Jewish Resistance Against the Nazis (Paperback)
Catholic University of America Press, 9780813225890, 640pp.
Publication Date: May 19, 2014
List Price: 39.95*
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This volume puts to rest the myth that the Jews went passively to the slaughter like sheep. Indeed Jews resisted in every Nazi-occupied country--in the forests, the ghettos, and the concentration camps. The essays presented here consider Jewish resistance to be resistance by Jewish persons in specifically Jewish groups, or by Jewish persons working within non-Jewish organizations. Resistance could be armed revolt; flight; the rescue of targeted individuals by concealment in non- Jewish homes, farms, and institutions; or by the smuggling of Jews into countries where Jews were not objects of Nazi persecution. Other forms of resistance include every act that Jewish people carried out to fight against the dehumanizing agenda of the Nazis--acts such as smuggling food, clothing, and medicine into the ghettos, putting on plays, reading poetry, organizing orchestras and art exhibits, forming schools, leaving diaries, and praying. These attempts to remain physically, intellectually, culturally, morally, and theologically alive constituted resistance to Nazi oppression, which was designed to demolish individuals, destroy their soul, and obliterate their desire to live. The contributors are among the most renowned Holocaust authorities in Israel, Europe, Canada, and the United States. The essays treat Jewish resistance in France, Belgium, Italy, Greece, the Netherlands, Scandinavia, the Yishuv, Germany, Austria, Croatia, Poland, Romania, the Ukraine, Belarus, Slovakia, and Hungary. Some essays describe children's resistance and music as resistance. The authors explain why different types of resistance occurred in some places but not in others and how factors such as terrain played a vital role in why one type of resistance took place in some areas but was impossible elsewhere. The importance of chronology and the progress of the war are also considered. This comprehensive handbook will serve as an indispensable guide for Holocaust scholars and general readers.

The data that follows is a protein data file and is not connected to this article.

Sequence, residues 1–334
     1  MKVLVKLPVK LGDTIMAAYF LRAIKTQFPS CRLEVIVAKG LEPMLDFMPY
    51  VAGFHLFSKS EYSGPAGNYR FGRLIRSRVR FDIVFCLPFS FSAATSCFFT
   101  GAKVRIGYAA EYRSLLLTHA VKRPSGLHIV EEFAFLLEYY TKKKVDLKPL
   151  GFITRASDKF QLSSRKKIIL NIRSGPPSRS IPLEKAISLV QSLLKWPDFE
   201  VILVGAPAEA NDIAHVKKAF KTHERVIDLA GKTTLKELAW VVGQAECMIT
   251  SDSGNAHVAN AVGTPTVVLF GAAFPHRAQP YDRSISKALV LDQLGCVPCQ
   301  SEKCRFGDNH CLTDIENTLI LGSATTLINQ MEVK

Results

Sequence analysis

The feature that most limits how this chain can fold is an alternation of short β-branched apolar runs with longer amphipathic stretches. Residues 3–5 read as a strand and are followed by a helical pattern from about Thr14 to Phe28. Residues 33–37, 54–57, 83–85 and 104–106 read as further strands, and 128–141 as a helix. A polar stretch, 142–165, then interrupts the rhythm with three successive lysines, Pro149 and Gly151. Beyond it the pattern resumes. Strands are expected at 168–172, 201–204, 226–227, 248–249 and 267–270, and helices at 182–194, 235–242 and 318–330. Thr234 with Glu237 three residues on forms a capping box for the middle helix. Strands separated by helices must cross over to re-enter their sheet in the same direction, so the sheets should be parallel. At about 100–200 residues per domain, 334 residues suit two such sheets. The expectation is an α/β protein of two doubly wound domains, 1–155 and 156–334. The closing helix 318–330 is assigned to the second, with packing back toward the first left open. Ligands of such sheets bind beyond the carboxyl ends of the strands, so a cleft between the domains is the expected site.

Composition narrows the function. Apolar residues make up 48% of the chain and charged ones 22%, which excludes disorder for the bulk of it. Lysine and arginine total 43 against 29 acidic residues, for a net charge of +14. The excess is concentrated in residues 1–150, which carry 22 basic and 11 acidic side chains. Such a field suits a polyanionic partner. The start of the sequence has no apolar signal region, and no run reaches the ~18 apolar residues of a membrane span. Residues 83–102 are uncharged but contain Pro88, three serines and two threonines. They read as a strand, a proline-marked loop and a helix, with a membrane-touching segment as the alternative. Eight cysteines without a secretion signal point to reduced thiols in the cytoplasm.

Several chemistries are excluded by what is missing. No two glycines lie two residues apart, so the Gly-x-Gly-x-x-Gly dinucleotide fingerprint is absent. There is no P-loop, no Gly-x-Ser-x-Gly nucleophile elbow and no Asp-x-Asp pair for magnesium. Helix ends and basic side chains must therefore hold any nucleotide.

About the Author
PATRICK HENRY is the Cushing Eells Professor Emeritus of Philosophy, Literature and Foreign Languages at Whitman College